I guess, however, I should look at it from the positive side and be grateful I’m in demand.

But then I get nervous that, if and when I do write these things, the readers won’t like them. I mean, I love Peter (as much as I can be in love with an imaginary gay man), and I’m happy with his story and excited to share it with everyone, but what if they all hate it? *gulp*

So, yeah. That’s what I get insecure about as a writer.

Thanks for listening.

Spectacular Settings

Victoria Street, London, April 2012
Victoria Street, London, April 2012

The above is one of my favorite photos. It’s pretty mundane, I suppose, but it’s the wallpaper on my iPhone. I love London, and I was just walking down this street one day with the idea of going on the Eye, and couldn’t stop myself snapping this shot.

Today I’m participating in the WEP Challenge of “Spectacular Settings”. I think London is a spectacular setting. It’s where The Fall and Rise of Peter Stoller is largely set (though, being in the 60s, there is no London Eye).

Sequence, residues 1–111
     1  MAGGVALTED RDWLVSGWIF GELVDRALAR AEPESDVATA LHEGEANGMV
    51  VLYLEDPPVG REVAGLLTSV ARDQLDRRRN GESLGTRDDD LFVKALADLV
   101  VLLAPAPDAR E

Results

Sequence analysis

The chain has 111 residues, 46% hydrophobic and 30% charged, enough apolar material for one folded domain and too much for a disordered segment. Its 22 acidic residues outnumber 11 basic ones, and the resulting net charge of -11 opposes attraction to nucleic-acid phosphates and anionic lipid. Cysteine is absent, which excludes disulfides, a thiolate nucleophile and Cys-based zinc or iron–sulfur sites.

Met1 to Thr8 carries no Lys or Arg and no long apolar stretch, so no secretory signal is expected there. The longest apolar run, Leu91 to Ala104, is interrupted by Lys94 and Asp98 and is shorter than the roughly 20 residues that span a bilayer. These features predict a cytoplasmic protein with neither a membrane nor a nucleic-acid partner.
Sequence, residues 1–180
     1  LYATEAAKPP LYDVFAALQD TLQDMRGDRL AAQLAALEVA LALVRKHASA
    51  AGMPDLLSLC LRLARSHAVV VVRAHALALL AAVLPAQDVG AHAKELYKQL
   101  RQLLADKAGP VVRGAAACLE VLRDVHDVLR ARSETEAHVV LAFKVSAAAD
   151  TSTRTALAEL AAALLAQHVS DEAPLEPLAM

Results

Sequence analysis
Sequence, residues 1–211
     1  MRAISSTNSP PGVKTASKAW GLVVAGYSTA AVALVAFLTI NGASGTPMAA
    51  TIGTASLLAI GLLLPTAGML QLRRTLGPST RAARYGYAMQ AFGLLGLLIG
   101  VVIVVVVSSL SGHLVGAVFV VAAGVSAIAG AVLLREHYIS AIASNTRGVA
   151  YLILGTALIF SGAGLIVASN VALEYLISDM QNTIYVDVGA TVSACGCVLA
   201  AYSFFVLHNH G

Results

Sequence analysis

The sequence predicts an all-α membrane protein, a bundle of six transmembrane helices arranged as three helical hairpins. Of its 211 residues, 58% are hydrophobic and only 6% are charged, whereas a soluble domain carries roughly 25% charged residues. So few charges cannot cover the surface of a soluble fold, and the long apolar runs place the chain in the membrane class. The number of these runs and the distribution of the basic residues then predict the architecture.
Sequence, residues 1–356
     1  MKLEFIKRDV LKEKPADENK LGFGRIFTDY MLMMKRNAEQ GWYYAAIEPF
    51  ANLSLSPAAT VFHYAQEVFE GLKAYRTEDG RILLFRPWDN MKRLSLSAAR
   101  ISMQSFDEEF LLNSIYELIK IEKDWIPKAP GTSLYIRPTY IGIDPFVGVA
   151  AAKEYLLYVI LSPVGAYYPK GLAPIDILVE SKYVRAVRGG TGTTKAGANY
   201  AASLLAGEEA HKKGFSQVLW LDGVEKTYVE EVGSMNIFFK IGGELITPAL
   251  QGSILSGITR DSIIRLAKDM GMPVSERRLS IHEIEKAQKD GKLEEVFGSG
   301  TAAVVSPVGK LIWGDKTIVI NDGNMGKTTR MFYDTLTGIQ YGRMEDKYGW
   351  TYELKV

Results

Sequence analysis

I love this photo because you get the London cabs and the red buses. You get the red phone box, too. It reminds me that what is exotic to a traveler is everyday for a slew of people. When I’m in London, for some people I’m the most interesting thing that happens in their day. (And that’s not me being self-important; I’ve actually been told that several times.) That’s weird to think about, considering I find all of London so very interesting. And of course, to myself I’m mundane.